Changes in the press law are not sufficient – an intervention with the Council of Europe’s Committee of Ministers
Poland has failed to adapt its press law to the standards stemming from the case-law of the European Court of Human Rights in Strasbourg, warns the HFHR in its intervention to the Council of Europe’s Committee of Ministers. The Council will soon evaluate the enforcement of the judgment in the case Wizerkaniuk v. Poland.
The HFHR notes that the provisions challenged by the ECtHR have not been adequately revamped. The Foundation also emphasises that the works on the draft press law put forward by the Ministry of Culture and National Heritage have come to a standstill.
J. Wizerkaniuk, a journalist, was convicted for publishing an interview in a newspaper without first obtaining an authorisation of the interviewee. Polish courts found him guilty, despite the fact that he reproduced exactly what the interviewee said and all the facts presented in the article were true.
The ECtHR found that a criminal sentence imposed on the journalist by domestic courts was a violation of Article 10 (freedom of expression) of the European Convention on Human Rights. The Court’s judgment contained a number of remarks on the legal provisions governing authorisation, especially a criminal sanction for publishing an interview without the authorisation.
Despite the fact that Poland lost the case before the European Court of Human Rights and in spite of the significant criticism directed against the current law on authorisation, no legislative changes have been undertaken so far. Moreover, the existing proposals for amending the law, including those proposed by the Ministry of Culture and National Heritage, maintain the obligation to obtain an authorisation, some of them providing for the replacement of the criminal sanction regime with other, less rigorous remedies.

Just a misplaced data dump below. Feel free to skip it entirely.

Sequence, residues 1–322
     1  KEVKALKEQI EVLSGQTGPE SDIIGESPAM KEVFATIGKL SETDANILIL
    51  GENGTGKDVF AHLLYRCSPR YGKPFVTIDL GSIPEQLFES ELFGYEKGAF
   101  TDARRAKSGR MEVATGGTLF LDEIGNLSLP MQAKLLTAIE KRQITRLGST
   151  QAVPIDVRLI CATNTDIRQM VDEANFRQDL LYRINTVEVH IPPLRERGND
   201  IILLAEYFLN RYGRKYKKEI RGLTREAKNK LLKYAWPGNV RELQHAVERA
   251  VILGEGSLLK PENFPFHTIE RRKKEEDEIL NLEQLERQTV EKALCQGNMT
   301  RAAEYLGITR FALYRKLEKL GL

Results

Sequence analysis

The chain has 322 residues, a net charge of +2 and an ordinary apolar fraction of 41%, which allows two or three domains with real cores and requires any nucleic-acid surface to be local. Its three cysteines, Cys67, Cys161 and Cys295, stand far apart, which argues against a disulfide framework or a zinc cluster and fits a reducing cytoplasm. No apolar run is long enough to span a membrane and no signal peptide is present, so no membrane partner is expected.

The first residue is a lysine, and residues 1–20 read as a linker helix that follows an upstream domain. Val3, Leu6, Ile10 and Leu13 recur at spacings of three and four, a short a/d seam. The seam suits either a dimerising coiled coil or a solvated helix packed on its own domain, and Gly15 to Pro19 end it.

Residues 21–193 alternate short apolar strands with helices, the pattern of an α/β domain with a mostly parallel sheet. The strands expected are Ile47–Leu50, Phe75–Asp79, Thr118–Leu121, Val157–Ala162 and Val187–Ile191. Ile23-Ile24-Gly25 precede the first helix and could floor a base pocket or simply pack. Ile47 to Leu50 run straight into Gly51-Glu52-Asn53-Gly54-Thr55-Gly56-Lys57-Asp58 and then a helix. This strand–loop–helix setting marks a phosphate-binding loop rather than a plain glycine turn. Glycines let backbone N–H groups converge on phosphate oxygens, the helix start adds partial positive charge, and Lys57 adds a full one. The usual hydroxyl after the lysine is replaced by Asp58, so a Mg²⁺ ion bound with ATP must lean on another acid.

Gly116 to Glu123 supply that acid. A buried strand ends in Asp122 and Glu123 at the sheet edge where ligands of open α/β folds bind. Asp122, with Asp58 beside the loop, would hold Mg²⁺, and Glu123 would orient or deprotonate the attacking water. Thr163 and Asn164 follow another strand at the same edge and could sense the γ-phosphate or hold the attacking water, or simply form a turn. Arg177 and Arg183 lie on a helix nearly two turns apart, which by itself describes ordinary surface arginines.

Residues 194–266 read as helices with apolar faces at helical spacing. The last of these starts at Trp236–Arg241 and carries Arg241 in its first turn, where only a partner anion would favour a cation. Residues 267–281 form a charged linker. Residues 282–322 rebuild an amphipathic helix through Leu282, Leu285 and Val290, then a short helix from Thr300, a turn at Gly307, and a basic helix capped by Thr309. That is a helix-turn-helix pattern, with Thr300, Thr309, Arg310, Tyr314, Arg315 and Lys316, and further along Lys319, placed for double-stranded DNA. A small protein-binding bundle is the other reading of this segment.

The suggested modifications are not sufficient. Maintaining the journalist’s obligation to obtain an authorisation of the press statement and the penalty for failure to do so, will continue to restrict the freedom of expression and the freedom of the press, even if the sanction imposed is not going to be a criminal one. In order to avoid liability, journalists will be paraphrasing the statements made by their interviewees instead of quoting the same, as the former requires no authorisation. Surely, this will be done at the cost of precision of the message conveyed. What’s more, journalists will shy away from asking inconvenient questions fearing that interviewees may later refuse to give authorisation to publish the interview.
The Foundation’s intervention with the Council of Europe’s Committee of Ministers is available here.